The UK is very well-placed to make the most of a technological boom age – except for one great and persisting tech weakness: a shortage of trained people.
The new Chancellor should stick to the basics of cutting taxes, spending more on education and rebalancing growth outside of London.
Which candidate can devise and push through the policies needed to unite the Tory shires with the Leave voters of the north?
If the arguments against a target of net zero emissions by 2050 now seem familiar, that may be because we have been here before.
Universities have generally had an excellent decade, but the rest of the system has not. It’s time to correct the imbalance.
If you believe in this idea of conservatism; if you want new faces at the table; if you share these ambitions, then please say so.
It is utterly confusing to provide 12,000 course options at Level 3 or below. The system must be reformed.
The Employment Minister embodies two reasons why the Government is still afloat – its jobs creation record and under-reported Ministerial loyalty.
Employee ownership, flexible working, and offering ‘mid-life MOTs’ are all simple, scalable, cost-effective policies ministers can support.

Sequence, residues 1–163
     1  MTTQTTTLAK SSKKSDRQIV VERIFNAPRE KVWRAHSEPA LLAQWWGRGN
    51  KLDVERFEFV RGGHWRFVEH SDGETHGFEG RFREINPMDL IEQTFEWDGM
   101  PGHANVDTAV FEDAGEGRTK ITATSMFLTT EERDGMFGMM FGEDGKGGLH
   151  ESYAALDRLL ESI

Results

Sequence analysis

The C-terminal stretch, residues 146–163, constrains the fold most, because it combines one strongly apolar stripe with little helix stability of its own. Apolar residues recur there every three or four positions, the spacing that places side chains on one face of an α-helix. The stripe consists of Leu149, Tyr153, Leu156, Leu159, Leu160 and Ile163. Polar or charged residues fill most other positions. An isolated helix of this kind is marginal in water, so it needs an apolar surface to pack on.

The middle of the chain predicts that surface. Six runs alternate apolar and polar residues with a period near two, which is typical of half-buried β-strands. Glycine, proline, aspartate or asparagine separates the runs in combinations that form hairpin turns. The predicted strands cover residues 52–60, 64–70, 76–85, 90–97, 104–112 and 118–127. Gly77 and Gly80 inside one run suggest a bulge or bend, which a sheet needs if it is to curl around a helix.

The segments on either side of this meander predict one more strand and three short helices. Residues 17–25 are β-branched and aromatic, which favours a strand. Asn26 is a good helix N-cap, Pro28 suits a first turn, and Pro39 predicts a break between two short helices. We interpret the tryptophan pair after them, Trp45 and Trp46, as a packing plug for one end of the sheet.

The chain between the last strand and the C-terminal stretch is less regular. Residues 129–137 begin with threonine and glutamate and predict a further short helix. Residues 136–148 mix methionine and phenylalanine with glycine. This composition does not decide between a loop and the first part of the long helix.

The Chancellor has been fortunate that the public finances have improved substantially at a particularly convenient time.
At the moment, we are treading water and appear to be relying on popular support for Brexit, and the threat of Corbyn, to keep us in office.
We have a habit of looking back at policy platforms pursued by previous Conservative Governments, and attempting to bring back popular policies like a poor Hollywood remake.
In the final article of our mini-series, the Onward Director says that there must also be a new strategy to help boost Britain’s productivity rate.
“We must rebuild a consensus for the liberal market economy as the best way to deliver future prosperity.”
The new Office for Students must lead in this. There must be sanctions from the new regulator for those universities who are failing in this regard.